Be upfront and frank with your lender, explaining your financial position and the challenges you face. Also, make sure you talk to both alternative lenders and banks, as the latter have become cautious in their lending criteria since the financial crash of 2008, whilst alternative lenders often take a quite different view of the market.
If your borrowing need is clearly short-term but you’re struggling to see how you will manage the repayments, then you should examine your finances more broadly.
In particular, look carefully to see whether you can free up cash by renegotiating your terms of business or reducing your outgoings. Persuading your suppliers to move from 30-day to 60-day payment terms could transform your cash flow, as could relocating to smaller and cheaper premises or changing your energy, fixed line telephony or mobile phone contracts to more competitive providers.
Make sure you plan for contingencies
Whether you’re borrowing over the short or long term, though particularly the latter, it’s important that you factor in all eventualities. In other words, there is no point in borrowing a certain sum only to hit another cash flow crisis and find that you actually needed more.
For sure, there are significant disadvantages in borrowing more than you need via a term loan. You will find yourself paying interest on money you don’t require and could encounter early repayment penalties if you attempt to pay it back ahead of schedule.
It’s therefore vital to assess carefully what you require, how long you should borrow for, and how much “wiggle room” you should build into the loan in case your financial situation suddenly changes.
Don’t forget to talk to alternative lenders
As already mentioned, alternative lenders and banks generally apply different acceptance criteria, so when seeking finance, you should ensure you speak to both. Banks can be particularly cautious about lending to small businesses without extensive track records. These companies tend not to have the breadth and depth of management expertise of their larger counterparts and are much more susceptible to relatively minor changes in their markets.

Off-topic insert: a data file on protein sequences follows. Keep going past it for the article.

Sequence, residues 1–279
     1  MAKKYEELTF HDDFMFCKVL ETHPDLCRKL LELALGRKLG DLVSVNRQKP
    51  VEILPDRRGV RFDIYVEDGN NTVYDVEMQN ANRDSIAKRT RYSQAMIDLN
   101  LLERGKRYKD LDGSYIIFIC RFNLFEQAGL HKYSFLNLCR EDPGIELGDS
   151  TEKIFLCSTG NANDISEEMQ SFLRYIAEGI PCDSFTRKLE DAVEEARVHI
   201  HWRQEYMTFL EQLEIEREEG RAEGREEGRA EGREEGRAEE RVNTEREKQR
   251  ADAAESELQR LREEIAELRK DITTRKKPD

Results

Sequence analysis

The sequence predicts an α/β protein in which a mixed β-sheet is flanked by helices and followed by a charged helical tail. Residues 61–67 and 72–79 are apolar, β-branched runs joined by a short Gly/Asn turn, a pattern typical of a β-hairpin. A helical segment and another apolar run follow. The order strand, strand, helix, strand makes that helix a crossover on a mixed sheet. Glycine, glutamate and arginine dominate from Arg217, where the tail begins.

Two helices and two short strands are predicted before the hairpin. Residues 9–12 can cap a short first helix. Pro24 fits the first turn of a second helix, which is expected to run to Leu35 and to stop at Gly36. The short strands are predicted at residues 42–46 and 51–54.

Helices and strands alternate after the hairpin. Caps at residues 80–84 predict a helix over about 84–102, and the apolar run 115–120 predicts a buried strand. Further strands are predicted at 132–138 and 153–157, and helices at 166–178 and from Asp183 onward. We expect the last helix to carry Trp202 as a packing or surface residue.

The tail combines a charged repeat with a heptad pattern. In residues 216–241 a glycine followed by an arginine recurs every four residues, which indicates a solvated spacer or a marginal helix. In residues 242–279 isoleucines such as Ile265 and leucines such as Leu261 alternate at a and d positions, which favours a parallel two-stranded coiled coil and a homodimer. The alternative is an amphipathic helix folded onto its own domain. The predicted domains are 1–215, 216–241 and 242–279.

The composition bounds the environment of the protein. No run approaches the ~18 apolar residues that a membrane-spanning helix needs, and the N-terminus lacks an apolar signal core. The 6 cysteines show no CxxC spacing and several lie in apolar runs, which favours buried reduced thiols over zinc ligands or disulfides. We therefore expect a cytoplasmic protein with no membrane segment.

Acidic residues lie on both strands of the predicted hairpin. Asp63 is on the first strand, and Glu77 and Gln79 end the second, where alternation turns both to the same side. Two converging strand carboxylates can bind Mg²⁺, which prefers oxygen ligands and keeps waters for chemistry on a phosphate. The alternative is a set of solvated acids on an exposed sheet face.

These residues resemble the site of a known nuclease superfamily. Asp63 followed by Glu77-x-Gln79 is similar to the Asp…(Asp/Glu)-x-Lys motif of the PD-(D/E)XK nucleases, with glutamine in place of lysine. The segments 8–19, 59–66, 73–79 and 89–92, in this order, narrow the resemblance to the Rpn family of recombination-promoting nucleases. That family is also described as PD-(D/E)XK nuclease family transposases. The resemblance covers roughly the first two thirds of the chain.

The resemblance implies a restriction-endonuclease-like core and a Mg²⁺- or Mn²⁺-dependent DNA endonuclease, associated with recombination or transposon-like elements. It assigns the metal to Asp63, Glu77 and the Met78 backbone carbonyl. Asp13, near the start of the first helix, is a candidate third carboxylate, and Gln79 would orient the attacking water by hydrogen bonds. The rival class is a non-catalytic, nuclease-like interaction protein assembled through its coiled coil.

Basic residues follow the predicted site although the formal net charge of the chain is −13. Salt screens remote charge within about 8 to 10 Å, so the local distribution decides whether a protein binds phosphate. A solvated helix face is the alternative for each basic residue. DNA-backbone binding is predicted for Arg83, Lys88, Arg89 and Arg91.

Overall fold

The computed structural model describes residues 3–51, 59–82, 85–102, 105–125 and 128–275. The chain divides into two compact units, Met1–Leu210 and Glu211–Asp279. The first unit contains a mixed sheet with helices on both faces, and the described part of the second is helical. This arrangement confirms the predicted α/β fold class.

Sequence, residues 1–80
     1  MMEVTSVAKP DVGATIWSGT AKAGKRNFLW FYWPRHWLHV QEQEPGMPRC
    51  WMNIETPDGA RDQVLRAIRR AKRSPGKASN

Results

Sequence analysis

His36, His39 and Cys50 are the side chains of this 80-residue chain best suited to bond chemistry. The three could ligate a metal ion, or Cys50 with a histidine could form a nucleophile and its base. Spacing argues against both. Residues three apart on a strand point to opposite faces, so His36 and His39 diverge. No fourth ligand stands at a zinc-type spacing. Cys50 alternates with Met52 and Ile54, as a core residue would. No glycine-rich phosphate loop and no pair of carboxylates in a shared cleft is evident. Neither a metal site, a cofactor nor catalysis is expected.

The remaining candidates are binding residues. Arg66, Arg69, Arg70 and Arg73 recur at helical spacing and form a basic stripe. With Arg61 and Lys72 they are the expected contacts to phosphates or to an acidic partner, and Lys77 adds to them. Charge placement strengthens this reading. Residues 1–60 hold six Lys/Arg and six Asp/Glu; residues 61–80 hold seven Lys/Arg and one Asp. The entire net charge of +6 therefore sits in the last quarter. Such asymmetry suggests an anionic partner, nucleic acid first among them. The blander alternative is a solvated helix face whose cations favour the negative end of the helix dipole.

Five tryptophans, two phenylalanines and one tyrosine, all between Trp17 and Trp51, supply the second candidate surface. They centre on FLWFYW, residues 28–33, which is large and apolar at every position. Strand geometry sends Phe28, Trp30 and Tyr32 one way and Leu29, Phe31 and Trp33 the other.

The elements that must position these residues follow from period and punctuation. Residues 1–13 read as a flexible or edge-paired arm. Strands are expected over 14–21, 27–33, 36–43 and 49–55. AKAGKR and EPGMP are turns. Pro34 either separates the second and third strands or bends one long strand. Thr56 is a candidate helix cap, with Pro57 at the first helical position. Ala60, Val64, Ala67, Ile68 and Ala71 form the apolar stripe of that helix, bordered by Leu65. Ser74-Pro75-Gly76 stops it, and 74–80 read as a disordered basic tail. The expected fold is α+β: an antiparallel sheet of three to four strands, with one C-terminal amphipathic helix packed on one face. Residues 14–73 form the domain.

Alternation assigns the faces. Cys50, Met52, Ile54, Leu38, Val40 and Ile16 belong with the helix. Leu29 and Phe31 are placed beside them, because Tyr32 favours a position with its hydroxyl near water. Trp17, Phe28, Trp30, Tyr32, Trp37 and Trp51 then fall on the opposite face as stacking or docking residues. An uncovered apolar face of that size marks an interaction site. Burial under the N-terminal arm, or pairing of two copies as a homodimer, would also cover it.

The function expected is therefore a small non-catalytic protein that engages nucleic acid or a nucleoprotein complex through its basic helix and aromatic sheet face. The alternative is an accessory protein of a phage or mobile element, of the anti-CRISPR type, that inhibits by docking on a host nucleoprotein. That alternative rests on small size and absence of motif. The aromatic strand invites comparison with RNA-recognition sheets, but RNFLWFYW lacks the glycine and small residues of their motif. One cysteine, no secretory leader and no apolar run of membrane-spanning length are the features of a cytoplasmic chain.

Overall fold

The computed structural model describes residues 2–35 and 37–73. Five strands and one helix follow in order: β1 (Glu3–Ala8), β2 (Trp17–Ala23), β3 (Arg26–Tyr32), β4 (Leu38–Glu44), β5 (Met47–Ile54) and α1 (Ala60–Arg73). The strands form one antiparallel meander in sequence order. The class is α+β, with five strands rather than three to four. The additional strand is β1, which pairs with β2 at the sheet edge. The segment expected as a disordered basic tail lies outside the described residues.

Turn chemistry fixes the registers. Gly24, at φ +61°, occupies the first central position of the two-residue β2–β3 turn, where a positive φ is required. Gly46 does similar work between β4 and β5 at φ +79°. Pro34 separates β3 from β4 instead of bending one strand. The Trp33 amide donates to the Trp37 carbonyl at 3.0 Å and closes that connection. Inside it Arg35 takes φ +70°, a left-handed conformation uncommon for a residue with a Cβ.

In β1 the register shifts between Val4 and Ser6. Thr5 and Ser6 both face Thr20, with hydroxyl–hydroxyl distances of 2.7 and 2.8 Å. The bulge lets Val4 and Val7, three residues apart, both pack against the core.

Of course, conventional term loans are not the only option on the table. You could also consider a business line of credit, which acts like an overdraft, enabling you to borrow and repay at will. The additional flexibility will usually result in a significantly higher interest rate, but of course you will only pay interest when you are actually using the facility.
Another expensive but potentially very useful way to borrow is a merchant cash advance, via which you repay the capital and interest through a fixed percentage of your daily credit card sales. The advantage is obvious – you will never find yourself facing significant repayments during a quiet period for your business.
Finally, invoice factoring and discounting can tame a troublesome cash flow forever by enabling you to borrow against the value of your invoices the instant you issue them. In effect, you get paid immediately, with the finance company taking a portion of the proceeds in return for providing the service.
Identify your need, then identify your lender
In summary, there are two steps you should take in order to get the finance you need to stay in business.
First, decide whether it makes to sense to borrow across the shorter or longer term using the matching principle, and then talk to the broadest range of lenders, keeping all possible options on the table. You’ll find this approach will pay dividends, wherever your business takes you.
Carl Faulds is Managing Director of Cashsolv, he offers advice and support to overcome cash flow problems and identify possible underlying problems that can be addressed to ensure a positive future for your business.